• Bombay Airport, India Mumbai Airport
      Mumbai has two Airports-The Chattrapathi Shivaji International Airport and Santa Cruz Domestic Airport.At a height of 26 feet above mean sea level, The Chhatrapati Shivaji International Airport serves as one of India's major international airports.

    • Chennai Airport Tamil Nadu, India formerly Madras
      Meenambakkam Airport or Madras International Airport is situated at Tirisulam, 7 Km south of Chennai. It has two terminals, Kamaraj Terminal, handles domestic flights connecting 20 destinations across the country with Chennai. The International Terminal, named Anna Terminal, connects major destinations.

    • Cochin Airport Kerala, India CIAL Airport
      Cochin International Airport is one of the country's youngest Airports with modern facilities and conveniences.Located at Nedumbassery, which is about 30 kms off Kochi (Cochin) city,this is the first airport in India that was constructed with private participation ,outside the ambit of Airport Authority of India. Government of Kerala, Non-Resident Indians from over 30 countries

    • Begumpet Airport Hyderabad Airport
      Begumpet Airport (IATA: HYD, ICAO: VOHY) at Hyderabad, also known as Hyderabad Airport, is currently the only international airport in Andhra Pradesh. It is a civil enclave located in Begumpet. The airport is host to the Andhra Pradesh Aviation Academy and the Begumpet Air Force Station of the Indian Air Force as well.

    • Delhi, Indira Gandhi International Airport, India
      Indira Gandhi International (IGI) Airport (IATA: DEL, ICAO: VIDP), located in the city of Delhi, India is one of India's main domestic and international gateways. Earlier known as Palam Airport, it was renamed IGI airport with the inauguration of a new international terminal

    • Kolkatta Airport
      The international Netaji Subhash Airport (Dum Dum Airport) is 20 kms from the city. Most of the domestic airlines have direct services to and from Kolkata-Kolkata to other important cities of India such as Delhi, Mumbai, Chennai, Patna, Varanasi, Lucknow, Bangalore.



    • Agartala Airport Agatti Island Airport
    • Ahmedabad Airport Aizawl Airport
    • Akola Airport Along Airport
    • Amritsar Raja Sansi Anand Airport
    • Aurangabad Airport Bagdogra Airport
    • Balurghat Airport Bangalore Airport
    • Belgaum Airport Bellary Airport
    • Bhatinda Airport Bhavnagar Airport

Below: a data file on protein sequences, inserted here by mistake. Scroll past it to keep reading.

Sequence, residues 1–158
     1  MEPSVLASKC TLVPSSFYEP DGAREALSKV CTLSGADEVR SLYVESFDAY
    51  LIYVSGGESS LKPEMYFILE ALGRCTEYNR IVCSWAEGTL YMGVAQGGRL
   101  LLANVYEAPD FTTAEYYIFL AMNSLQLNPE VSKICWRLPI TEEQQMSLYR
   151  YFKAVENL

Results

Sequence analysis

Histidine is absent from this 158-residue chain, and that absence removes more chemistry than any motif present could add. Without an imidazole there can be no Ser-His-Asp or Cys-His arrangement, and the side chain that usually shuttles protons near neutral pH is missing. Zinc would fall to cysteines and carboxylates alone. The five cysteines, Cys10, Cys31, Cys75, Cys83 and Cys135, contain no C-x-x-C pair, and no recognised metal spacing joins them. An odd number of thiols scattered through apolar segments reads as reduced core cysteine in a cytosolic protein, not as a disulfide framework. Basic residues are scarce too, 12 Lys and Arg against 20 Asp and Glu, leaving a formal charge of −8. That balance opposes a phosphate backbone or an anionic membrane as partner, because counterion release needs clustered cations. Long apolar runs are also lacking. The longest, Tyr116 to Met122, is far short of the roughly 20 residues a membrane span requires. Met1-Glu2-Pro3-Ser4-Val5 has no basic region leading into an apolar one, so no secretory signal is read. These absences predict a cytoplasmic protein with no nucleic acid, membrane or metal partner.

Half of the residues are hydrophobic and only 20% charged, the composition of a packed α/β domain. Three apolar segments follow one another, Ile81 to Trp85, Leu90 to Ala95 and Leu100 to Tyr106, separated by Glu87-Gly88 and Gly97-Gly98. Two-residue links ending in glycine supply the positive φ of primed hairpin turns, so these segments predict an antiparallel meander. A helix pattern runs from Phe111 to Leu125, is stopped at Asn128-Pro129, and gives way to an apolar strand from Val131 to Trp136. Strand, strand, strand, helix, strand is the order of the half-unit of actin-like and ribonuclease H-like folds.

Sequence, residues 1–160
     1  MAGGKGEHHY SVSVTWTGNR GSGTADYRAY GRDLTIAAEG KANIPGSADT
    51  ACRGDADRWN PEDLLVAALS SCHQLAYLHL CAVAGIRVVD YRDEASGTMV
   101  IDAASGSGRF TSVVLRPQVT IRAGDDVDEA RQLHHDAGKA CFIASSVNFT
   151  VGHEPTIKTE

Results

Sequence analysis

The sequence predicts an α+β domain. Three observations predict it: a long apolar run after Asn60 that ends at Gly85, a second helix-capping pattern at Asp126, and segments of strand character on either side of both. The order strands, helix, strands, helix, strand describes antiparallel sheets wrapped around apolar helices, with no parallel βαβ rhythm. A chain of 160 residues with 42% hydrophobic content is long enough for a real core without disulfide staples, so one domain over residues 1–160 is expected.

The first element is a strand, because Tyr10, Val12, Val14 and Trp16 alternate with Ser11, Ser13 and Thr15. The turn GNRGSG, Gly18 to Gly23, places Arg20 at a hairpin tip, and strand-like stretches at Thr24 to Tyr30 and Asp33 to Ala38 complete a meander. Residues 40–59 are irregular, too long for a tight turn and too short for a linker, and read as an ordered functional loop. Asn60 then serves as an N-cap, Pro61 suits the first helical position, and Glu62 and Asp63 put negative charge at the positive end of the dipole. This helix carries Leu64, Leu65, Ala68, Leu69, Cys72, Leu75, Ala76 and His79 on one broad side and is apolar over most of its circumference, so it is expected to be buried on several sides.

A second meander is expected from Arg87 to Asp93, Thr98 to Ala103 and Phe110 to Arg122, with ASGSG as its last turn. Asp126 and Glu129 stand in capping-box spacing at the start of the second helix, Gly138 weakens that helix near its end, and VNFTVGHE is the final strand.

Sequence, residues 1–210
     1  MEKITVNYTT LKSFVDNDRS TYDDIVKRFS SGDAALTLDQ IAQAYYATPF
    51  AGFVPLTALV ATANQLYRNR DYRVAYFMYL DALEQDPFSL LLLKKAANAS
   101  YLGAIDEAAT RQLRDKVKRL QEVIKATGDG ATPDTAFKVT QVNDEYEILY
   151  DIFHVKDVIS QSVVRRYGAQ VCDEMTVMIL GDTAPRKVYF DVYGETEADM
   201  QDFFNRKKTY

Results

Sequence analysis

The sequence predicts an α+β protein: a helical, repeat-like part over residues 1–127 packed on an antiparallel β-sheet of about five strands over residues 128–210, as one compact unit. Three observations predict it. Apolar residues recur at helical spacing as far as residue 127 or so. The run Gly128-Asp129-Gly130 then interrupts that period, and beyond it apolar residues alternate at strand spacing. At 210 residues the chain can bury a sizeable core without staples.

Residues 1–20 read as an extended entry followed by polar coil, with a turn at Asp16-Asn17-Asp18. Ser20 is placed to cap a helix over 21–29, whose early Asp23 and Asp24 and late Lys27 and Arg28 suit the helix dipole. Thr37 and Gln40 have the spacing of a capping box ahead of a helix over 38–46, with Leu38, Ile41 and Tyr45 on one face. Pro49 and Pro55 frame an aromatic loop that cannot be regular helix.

• Bhopal Airport Bhubaneshwar Airport
    • Bhuj Airport Bikaner Airport
    • Bilaspur Airport Birsa Munda Airport
    • Calicut Airport Car Nicobar Airport
    • Chandigarh Airport Chennai International Airport
    • Chhatrapati Shivaji International Airport Cuddapah Airport
    • Daman Airport Daparizo Airport
    • Darjeeling Airport Deland Municipal Sidney H Taylor Fld
    • Devi Ahilyabai Holkar Airport Dhanbad Airport
    • Dharamsala Airport Dibrugarh Airport
    • Dibrugarh Airport Dimapur Airport
    • Gaya Airport Goa Airport
    • Gorakhpur Airport Guna Airport
    • Guwahati Airport Gwalior Airport
    • Hissar Airport Hubli Airport
    • Hyderabad Airport Imphal Airport
    • Indira Gandhi International Airport Jabalpur Airport
    • Jagdalpur Airport Jaipur Airport
    • Jaisalmer Airport Jaladhar Airport
    • Jammu Airport Jamnagar Airport
    • Jamshedpur Airport Jeypore Airport
    • Jodhpur Airport Jorhat Airport
    • Kailashahar Airport Kamalpur Airport
    • Kandla Airport Kanpur Airport
    • Keshod Airport Khajuraho Airport
    • Khowai Airport Kolhapur Airport
    • Kota Airport Kullu Manali Airport
    • Leh Airport Lilabari Airport
    • Lucknow Airport Ludhiana Airport
    • Macdill Air Force Base Aux Field Madurai Airport
    • Malda Airport Mangalore Airport
    • Muzaffarnagar Airport Muzaffarpur Airport
    • Mysore Airport Nagpur Airport
    • Nanded Airport Nasik Airport
    • Netaji Subhash Chandra Bose International Airport New Century Aircenter
    • Neyveli Airport Ormond Beach Municipal Airport
    • Panaji Airport Pantnagar Airport
    • Pasighat Airport Pathankot Airport
    • Patna Airport Porbandar Airport
    • Port Blair Airport Pune Airport
    • Puttaparthi Airport Rae Bareli Airport
    • Raipur Airport Rajahmundry Airport
    • Rajkot Airport Rajouri Airport
    • Ramagundam Airport Ratnagiri Airport
    • Rewa Airport Rourkela Airport
    • Rupsi Airport Schuylkill Co Airport
    • Sheldon Municipal Airport Sholapur Airport
    • Silchar Airport Simla Airport
    • Srinagar Airport Surat Airport
    • Tezpur Airport Tezu Airport
    • Thanjavur Airport Thiruvananthapuram International Airport
    • Tiruchirappalli Airport Tirupati Airport
    • Udaipur Airport Vadodara Airport
    • Varanasi Airport Vijayawada Airport
    • Vishakhapatnam Airport Vizag Airport
    • Warrangal Airport West Tinian Airport